Also, this is a tour group, they shouldn't risk your health, but if you're that worried, call them and tell them you didn't sign up for this weather (the key phrase will have something to do with your health in the heat) and see if they'll give you a refund, or let you postpone until it is cooler. Other than that, wear light clothing, use sun screen and bring plenty of water.
posted by cestmoi15 at 5:27 PM on July 22, 2010

Lots of water. Breathable (tech) clothes- no cotton, if you can help it.

Get there before 10am. Bear Mountain gets crowded.
posted by roomthreeseventeen at 6:18 PM on July 22, 2010

Best answer: After a friend's son was hospitalized for dehydration as a result of a soccer game, I learned an interesting tidbit - dehydration is less a reflection of what you've had to drink that day and more a reflection of how you hydrated in the few days before. So start drinking now!
posted by cecic at 6:36 PM on July 22, 2010

I lived near Bear Mountain. It should be a lot cooler. Bring a lot of water and a hat.
posted by fifilaru at 8:44 PM on July 22, 2010

I guess it depends on the trail. In that kind of heat, the army recommends as little as 10 minutes working 50 minutes resting per hour for hard work.
posted by ob1quixote at 1:32 AM on July 23, 2010

Best answer: Do the hike, but listen to what your body tells you. Of the two types of heat stroke, sedentary and exertional, the one with the higher mortality rate is the latter, which often affects healthy, well hydrated people who push themselves past what their bodies can support.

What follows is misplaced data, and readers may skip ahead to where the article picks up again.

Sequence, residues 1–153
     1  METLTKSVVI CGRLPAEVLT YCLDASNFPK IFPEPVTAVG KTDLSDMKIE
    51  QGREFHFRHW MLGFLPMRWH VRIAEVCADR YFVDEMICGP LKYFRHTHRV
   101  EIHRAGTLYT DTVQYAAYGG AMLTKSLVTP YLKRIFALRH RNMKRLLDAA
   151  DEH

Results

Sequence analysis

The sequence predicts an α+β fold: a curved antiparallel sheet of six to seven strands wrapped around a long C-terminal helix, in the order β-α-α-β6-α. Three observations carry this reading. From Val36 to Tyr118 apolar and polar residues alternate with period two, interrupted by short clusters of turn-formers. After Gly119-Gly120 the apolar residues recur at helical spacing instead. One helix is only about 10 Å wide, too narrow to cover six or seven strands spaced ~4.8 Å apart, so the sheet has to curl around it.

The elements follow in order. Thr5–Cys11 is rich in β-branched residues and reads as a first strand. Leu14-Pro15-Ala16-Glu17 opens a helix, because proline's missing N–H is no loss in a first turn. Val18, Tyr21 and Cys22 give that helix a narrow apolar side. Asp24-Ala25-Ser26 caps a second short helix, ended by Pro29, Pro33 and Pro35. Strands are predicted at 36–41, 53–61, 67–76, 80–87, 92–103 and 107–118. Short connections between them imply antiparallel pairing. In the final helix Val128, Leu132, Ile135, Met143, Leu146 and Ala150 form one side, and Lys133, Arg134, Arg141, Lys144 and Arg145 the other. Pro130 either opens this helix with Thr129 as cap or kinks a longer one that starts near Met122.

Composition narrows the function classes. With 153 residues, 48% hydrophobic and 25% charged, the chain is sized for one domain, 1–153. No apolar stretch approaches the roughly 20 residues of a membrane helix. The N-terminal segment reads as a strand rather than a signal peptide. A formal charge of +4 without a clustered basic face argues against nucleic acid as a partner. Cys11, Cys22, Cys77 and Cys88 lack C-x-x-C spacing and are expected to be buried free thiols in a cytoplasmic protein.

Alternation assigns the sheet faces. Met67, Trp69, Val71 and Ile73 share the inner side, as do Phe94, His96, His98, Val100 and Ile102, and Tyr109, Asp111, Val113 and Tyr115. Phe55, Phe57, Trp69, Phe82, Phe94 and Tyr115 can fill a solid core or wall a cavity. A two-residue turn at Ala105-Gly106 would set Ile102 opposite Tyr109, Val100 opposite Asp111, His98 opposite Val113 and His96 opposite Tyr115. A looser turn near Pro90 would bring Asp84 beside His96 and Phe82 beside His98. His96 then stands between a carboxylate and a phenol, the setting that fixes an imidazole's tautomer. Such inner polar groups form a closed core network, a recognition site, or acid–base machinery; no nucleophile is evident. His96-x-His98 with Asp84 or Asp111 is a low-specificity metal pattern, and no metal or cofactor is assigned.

Heat exhaustion makes people wish they could die. Heat stroke accomplishes it. Take it very seriously.

That said, it really should be safe if you don't push it. Don't wait to become thirsty before you drink. (Our thirst mechanism is inefficient in hot weather.) Eat small nibbles of a salty snack at intervals. If you carry an electrolyte solution like Gator-Aid, mix it half-and-half with water.

And remember to brag about it later on.
posted by wjm at 2:36 AM on July 23, 2010

I hiked the Grand Canyon for 2 days in August. I had a shit-ton of water, lots of trailmix / powerbar type snacks, wore a binkini top and jean shorts, greased myself with sunlotion every 58 seconds, and wore a wet bandana around my neck and my head.

It wasn't bad. really.
posted by WeekendJen at 8:01 AM on July 23, 2010

So, how did it go?

For future reference, and those looking at this question, here's what I would do, and I do hike in this weather, in the same location.

For an 8 hour hike in this kind of weather, with that kind of humidity you'll want to make sure you're wearing NO cotton. Synthetic base layers only, or merino wool - that includes socks (go with smart wool's lightest weight). You need to be wearing stuff that wicks moisture away from the body.

And you'll need somewhere between 4 and 6 liters of water, and around 100 calories per mile that you're hiking.

Make sure that when you're peeing, it's clear, if it's not really light or clear, you're dehydrated and you need to stop, rest and drink lots more water.
posted by jardinier at 11:32 AM on July 26, 2010